BOSTON — The Massachusetts Department of Public Health along with the Charles River Watershed Association issued a public health advisory for the lower Charles River Basin after detecting the presence of toxic algae on Wednesday.
Cyanobacteria, or blue-green algae, is a potentially fatal algae bloom containing cyanotoxins. The most common symptoms of cyanotoxin contact are stomach cramps, nausea, skin rashes and eye irritation, but in large enough does, liver and neurological damage and fatalities have been known to occur. Safety officials warn against both ingesting infected water as well as coming into direct contact with it. Cyanobacteria often appears as a green scum on the water's surface, but can also look like bright green strands or green paint. The Department of Public Health sampled will take follow-up samples of the water on July 31. DPH requires at least two samples, one week apart, before the water is deemed safe.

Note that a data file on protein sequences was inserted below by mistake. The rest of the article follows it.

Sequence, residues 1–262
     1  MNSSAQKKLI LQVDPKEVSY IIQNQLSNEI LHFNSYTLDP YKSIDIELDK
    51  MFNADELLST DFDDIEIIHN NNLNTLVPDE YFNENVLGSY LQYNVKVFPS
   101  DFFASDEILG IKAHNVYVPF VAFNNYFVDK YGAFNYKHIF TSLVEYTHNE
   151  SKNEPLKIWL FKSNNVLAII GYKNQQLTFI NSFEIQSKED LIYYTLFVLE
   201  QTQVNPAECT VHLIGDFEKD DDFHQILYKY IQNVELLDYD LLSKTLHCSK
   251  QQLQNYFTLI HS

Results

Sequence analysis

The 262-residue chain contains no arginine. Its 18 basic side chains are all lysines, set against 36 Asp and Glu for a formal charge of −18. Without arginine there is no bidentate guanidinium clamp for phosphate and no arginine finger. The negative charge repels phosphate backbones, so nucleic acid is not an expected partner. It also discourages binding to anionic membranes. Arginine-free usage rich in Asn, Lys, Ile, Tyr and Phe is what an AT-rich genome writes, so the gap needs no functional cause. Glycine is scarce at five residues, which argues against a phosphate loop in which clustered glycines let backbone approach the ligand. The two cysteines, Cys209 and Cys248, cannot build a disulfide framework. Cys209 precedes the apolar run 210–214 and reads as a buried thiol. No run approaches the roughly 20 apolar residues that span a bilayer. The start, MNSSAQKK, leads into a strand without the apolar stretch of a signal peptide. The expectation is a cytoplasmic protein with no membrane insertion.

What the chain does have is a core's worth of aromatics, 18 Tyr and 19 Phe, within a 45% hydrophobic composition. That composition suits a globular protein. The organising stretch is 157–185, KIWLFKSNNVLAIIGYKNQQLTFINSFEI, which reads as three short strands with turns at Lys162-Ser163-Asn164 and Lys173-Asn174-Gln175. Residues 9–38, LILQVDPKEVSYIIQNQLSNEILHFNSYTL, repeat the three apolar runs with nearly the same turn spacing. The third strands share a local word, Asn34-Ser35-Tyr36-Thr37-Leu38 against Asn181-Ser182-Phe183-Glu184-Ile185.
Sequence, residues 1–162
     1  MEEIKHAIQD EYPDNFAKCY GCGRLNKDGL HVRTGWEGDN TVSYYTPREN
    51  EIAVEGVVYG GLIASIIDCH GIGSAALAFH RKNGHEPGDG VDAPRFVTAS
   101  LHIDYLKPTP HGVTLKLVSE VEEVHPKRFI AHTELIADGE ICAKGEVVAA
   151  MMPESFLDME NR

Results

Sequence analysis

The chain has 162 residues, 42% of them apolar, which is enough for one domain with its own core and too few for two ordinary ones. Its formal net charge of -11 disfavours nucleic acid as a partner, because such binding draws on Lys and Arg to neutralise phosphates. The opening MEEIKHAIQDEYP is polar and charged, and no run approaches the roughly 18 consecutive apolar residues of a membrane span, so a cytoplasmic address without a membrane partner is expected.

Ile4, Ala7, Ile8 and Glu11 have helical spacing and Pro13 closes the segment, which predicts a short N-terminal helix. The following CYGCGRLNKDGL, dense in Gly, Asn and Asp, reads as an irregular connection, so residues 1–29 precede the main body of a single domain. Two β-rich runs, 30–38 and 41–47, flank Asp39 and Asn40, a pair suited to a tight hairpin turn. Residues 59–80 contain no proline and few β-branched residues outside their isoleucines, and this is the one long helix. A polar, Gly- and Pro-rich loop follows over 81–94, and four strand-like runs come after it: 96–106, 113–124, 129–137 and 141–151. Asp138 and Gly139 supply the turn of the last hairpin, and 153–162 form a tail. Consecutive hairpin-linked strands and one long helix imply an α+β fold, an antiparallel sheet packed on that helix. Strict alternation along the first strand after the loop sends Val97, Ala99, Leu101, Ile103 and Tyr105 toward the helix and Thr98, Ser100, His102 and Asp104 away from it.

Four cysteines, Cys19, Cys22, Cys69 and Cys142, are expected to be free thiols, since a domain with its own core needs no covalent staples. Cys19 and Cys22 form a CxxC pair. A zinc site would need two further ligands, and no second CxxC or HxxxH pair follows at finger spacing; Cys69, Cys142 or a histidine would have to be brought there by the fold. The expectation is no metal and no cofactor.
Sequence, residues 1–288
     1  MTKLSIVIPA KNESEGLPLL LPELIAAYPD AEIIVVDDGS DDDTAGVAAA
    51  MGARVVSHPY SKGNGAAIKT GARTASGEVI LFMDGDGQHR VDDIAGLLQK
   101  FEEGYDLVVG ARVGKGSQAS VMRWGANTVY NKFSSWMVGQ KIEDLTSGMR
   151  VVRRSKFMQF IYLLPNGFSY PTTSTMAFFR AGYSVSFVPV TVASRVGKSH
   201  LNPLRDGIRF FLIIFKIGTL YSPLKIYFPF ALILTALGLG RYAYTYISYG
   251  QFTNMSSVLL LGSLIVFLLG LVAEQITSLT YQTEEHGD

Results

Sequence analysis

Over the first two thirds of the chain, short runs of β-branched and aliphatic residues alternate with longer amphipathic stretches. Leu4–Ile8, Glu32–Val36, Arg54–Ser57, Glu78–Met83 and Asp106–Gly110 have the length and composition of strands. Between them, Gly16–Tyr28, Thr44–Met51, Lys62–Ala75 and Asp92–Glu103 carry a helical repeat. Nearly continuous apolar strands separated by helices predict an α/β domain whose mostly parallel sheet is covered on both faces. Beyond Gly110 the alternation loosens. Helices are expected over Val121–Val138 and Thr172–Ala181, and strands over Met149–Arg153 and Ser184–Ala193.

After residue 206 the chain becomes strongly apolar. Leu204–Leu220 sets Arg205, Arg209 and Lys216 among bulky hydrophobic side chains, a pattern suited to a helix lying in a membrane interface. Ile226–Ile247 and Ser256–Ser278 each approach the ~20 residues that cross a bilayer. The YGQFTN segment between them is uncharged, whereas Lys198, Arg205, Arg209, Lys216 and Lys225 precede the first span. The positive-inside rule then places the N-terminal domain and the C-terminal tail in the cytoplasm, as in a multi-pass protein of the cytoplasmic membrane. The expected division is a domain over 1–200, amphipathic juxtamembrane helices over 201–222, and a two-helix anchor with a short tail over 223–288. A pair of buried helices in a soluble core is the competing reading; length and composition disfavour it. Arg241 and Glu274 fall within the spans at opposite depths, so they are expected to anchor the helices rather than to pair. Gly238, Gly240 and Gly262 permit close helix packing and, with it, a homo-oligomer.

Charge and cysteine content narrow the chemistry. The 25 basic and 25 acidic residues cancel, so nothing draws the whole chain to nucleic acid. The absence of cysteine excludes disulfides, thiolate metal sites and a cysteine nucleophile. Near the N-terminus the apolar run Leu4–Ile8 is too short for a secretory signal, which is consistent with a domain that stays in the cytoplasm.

The safety warning extends from the BU Bridge to the Museum of Science. Because the area affected is popular with dog-walkers, officials warn owners to keep their pets leashed at all times near the region and not to let them swim in the water or drink from it. Should this accidentally occur, seek veterinary help immediately as cyanotoxins are particularly hazardous to pets. People should avoid direct contact with affected water in the area including swimming, boating and fishing, stated Marc Nascarella,chief toxicologist for the Department of Public Health.
If you accidentally come into contact with affected water, officials suggest rinsing off immediately. There are currently no special treatments available for cyanotoxin illnesses, but information about the suspected cause of your illness might help your healthcare provider to manage symptoms. If you’re experiencing severe systems including vomiting, painful skin irritation, extreme stomach cramps or bloating, please contact the Massachusetts and Rhode Island Regional Center for Poison Control and Prevention by calling (800) 222-1222.
Image via Wikimedia / Christian Fischer